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Russian mission control center to lift ISS orbit

July 04, 2014, 14:31 UTC+3 MOSCOW

The ISS orbit altitude goes down 150-200 meters daily affected by the ground gravity impact and other factors

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A view from the International Space Station (ISS)

A view from the International Space Station (ISS)


MOSCOW, July 04. /ITAR-TASS/. Russian Mission Control Centre stated on Friday that a maneuver to increase the average altitude of the International Space Station (ISS) flight orbit was planned on July 17. The ISS orbit will be lifted at 5 am Moscow time (02:00 UTC) on Thursday, July 17 by engines of Zvezda module. Orbit adjustment is aimed at optimizing the docking of Progress M-24M space freighter, which will be launched July 24 at 1:42 am Moscow time (22:42 UTC, July 23) from Baikonur spaceport.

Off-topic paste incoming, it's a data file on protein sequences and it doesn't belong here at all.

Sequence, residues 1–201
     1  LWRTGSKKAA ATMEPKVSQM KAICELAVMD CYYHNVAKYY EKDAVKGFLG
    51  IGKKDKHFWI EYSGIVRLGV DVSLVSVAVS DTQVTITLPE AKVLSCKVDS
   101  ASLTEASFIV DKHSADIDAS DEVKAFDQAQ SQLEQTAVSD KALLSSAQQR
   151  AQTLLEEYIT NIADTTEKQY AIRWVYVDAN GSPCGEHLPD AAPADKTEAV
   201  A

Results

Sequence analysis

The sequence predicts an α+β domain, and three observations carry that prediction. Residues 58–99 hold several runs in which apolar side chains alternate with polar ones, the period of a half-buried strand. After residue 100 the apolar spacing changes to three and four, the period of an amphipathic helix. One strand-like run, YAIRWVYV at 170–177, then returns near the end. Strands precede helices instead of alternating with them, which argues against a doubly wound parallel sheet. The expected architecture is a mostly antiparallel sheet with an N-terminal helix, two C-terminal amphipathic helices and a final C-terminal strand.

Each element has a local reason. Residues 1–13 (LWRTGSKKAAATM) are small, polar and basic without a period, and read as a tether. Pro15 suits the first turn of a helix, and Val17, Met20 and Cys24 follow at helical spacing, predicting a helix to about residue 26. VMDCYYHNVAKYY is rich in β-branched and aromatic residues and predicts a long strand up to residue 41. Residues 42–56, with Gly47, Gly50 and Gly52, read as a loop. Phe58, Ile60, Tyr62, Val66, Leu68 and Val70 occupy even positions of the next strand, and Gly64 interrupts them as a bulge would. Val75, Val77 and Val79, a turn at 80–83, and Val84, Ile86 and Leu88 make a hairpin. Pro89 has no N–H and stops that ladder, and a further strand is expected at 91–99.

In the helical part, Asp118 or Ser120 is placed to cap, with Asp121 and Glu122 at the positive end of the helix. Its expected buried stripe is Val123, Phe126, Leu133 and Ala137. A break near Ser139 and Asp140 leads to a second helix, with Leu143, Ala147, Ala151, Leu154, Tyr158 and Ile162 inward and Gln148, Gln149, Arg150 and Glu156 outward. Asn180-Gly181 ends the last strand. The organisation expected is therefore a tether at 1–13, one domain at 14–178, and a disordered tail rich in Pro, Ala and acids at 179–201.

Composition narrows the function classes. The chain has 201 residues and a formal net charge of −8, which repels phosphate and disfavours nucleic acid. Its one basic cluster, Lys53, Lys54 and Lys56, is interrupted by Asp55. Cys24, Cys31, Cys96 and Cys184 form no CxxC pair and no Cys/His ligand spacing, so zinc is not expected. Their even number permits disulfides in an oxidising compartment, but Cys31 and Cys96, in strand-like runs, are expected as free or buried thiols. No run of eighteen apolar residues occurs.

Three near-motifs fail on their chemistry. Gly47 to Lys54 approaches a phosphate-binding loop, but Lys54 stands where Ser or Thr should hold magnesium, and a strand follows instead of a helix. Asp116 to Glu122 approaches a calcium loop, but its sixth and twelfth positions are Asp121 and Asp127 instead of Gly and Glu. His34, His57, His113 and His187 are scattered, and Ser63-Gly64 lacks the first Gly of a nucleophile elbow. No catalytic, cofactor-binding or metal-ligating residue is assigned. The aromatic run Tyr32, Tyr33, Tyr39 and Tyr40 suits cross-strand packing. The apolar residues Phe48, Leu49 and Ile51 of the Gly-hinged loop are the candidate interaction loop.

The ISS orbit altitude goes down 150-200 meters daily affected by the ground gravity impact and other factors.

Progress M-24M will replace space freighter Progress M-23M, which will undock from the ISS on July 22. The cargo spacecraft will be sunken in the Pacific on August 1.

Space freighters are used frequently as orbital laboratories. Progress space freighters placed into orbit Russian and German mini-satellites and examined possible use of ejection seat system to save the crew of Russian space shuttle Buran. Space freighters carried out the experiment called Izgib (“curve”) to study the influence of on-board systems functioning modes on ISS flight conditions. Several space freighters are equipped with a special capsule, which had brought up to 60 kg of cargoes back to the Earth. Progress M-13M was used for the first time before sinking to test a special launch container, which separated successfully from micro-satellite Chibis-M. In 2003, Progress M1-10 after its undocking from the ISS has been monitoring the areas of natural disasters and ecological catastrophes with special cameras.

Progress M-23M that is currently on a space mission will carry out an experiment called Radar-Progress to determine specific features of the ionosphere, which are emerging in operation of space freighter engines.

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